This point is important because it makes it all the more difficult get the public to accept tax increases or spending cuts when they view these cuts as simply the fault of a group of rogue bankers. This viewpoint also distracts from the rogue economic policy making of elected politicians and senior civil servants.
Worth noting is that this is the second Irish economic crisis of my lifetime. Sometimes, the current era feels like a repeat of my teenage years with fiscal crises and high unemployment blighting the country. To avoid another future crisis, debate in Ireland needs to move beyond blaming Anglo’s bad eggs towards asking wider questions about how to run their economy on a sustainable basis.
Having made these points, I want to emphasize that I do not at all agree that the bank guarantee was a correct or unavoidable decision, even given what Irish policy makers knew at the time. This is the position put forward by Irish economists, Donal Donovan and Antoin Murphy in an extensive chapter on the guarantee in their new book. (In fact, Donovan and Murphy argue that the guarantee would have been the correct policy even if the authorities knew the true state of the banks so that it would cost 40 percent of GDP!)
This book makes a number of points I disagree with but, since it’s not available for people on the internet to read, there is perhaps little point in going into too much detail here. I will quickly make two observations.
First, the strength of the arguments made by Donovan and Murphy is well summarized by their argument for why it may have been reasonable to include subordinated bank debt in the guarantee. They argue that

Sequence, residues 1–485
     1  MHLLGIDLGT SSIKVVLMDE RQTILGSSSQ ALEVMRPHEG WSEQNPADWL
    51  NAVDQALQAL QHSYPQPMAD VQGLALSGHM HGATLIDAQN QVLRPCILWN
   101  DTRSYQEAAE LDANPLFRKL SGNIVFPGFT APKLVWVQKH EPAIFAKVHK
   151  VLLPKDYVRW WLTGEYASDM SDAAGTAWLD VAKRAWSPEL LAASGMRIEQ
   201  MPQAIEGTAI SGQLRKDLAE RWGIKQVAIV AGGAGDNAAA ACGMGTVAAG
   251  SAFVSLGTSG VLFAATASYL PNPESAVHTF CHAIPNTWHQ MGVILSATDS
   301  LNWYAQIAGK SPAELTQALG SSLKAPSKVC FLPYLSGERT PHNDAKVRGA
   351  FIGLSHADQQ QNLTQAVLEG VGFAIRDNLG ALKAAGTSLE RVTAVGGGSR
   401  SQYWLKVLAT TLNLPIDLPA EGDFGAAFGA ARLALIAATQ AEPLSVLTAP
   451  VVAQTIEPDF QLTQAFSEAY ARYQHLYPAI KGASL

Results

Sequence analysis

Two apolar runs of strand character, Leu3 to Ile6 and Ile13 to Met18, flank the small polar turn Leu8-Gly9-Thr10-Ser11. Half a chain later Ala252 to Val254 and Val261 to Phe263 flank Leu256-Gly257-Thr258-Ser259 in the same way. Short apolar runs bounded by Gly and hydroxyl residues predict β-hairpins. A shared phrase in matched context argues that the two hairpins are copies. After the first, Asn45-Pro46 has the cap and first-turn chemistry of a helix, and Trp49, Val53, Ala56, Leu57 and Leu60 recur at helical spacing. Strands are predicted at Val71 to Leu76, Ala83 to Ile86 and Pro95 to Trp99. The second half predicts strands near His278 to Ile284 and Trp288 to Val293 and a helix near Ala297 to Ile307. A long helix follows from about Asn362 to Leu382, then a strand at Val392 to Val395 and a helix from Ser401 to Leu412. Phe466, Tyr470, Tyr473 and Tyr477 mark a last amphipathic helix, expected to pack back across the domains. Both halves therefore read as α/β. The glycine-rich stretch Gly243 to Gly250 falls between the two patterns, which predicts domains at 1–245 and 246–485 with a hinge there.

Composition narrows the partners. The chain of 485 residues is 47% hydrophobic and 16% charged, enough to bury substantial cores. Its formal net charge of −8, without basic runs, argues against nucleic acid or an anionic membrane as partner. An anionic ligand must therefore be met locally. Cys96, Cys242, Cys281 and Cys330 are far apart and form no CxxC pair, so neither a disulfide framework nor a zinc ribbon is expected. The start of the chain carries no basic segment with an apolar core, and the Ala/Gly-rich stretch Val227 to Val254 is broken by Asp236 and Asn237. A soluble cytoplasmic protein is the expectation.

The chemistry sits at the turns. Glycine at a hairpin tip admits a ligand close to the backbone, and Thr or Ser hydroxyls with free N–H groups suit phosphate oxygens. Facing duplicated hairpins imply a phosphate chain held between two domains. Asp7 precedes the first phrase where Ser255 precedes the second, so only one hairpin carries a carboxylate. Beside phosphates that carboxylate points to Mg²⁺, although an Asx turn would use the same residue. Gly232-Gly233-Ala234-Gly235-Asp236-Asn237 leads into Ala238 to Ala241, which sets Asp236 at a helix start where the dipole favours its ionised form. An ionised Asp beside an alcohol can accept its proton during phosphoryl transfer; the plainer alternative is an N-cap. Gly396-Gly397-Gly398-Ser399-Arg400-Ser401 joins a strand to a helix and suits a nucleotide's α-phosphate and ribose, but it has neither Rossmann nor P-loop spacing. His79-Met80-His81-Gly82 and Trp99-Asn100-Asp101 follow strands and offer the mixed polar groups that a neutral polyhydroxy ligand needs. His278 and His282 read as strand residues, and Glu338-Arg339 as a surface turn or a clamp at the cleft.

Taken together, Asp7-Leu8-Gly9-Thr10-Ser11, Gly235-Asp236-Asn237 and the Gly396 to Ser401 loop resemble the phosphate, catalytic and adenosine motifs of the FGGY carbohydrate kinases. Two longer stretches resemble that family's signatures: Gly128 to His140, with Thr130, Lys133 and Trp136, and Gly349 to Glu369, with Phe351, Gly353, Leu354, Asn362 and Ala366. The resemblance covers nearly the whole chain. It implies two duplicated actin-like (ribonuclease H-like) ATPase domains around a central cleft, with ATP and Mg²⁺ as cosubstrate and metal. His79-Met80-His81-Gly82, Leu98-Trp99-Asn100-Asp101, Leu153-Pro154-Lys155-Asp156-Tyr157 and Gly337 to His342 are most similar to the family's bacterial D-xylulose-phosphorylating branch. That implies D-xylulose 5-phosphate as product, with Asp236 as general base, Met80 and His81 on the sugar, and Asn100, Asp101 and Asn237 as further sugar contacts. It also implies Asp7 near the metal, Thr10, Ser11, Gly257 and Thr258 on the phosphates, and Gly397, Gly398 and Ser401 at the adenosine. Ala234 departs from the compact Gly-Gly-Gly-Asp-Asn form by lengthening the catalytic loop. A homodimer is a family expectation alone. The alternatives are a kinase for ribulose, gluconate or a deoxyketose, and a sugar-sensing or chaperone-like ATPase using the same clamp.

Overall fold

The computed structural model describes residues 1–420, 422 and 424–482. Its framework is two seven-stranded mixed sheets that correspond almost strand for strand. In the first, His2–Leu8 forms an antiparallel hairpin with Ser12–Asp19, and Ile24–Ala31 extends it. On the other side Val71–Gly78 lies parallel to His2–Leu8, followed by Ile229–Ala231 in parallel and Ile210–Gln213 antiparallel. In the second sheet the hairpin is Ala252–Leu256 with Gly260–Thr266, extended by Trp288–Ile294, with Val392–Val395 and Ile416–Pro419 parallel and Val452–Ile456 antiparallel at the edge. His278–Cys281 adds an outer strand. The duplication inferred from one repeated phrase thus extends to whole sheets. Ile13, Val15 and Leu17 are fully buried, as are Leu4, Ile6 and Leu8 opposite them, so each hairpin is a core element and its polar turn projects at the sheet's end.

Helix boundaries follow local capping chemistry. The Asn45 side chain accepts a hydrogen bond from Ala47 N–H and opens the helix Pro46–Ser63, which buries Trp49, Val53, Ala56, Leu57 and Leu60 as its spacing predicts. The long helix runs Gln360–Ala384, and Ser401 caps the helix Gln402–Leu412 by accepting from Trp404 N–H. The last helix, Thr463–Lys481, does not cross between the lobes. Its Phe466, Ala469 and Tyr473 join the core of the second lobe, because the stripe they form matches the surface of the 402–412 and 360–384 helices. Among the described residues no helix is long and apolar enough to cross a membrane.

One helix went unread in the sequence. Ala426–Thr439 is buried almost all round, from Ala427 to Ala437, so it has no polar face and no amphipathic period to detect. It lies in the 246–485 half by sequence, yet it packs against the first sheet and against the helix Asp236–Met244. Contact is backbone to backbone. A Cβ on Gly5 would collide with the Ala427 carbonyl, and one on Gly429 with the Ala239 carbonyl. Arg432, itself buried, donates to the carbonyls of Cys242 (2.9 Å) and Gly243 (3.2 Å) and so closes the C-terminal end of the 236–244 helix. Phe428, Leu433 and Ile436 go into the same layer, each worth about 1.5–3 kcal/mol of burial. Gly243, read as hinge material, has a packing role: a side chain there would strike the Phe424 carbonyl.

It has been suggested that, given the high degree of uncertainty, if not panic, prevailing, attempts to fine-tune the coverage of the guarantee might not have been well understood by markets the following morning and could have derailed the overriding objective of restoring confidence in the Irish banks.
This is a bizarre argument. For starters, the guarantee was fine-tuned because undated subordinated debt was excluded. However, the idea that financial market participants would have been “confused” that the government failed to guarantee debt that is explicitly contractually required to take losses in the event of a liquidation simply defies belief. I spoke with many financial market professionals in the years after the guarantee and their only reaction to the guaranteeing of subordinated debt was confusion as to why it was included.
More importantly, Donovan and Murphy’s extensive chapter does not consider the most obvious alternative to the type of guarantee offered by the Irish government. This alternative was to guarantee deposits for some period of time as well as specified new bond issues but to leave previous bond issues uncovered.
This ECB paper from 2009 details the emergency measures taken by all EU countries and shows that guaranteeing new bond issues only was the approach taken by almost all countries. Such a guarantee would have had the exact same impact in providing a (temporary) improvement in the funding situation for Irish banks without unnecessarily guaranteeing the bonds owned by investors who had unwisely given money to a recklessly-run bank.
Anyone who thinks there was no way to tell in “real time” that the guarantee was a bad decision is advised to watch this video of my colleague Morgan Kelly’s instant reaction to the decision. The arguments of the other participants in the debate also give you an idea how weak the case was for making this decision.
So the guarantee decision was a bad one and exacerbated the losses associated with Ireland’s banking crisis. But the austerity being suffered in Ireland has wider causes than the behavior of a few bad apples at Anglo Irish Bank and debate on future policies needs to focus on a wider set of issues than how to deal with rogue bankers.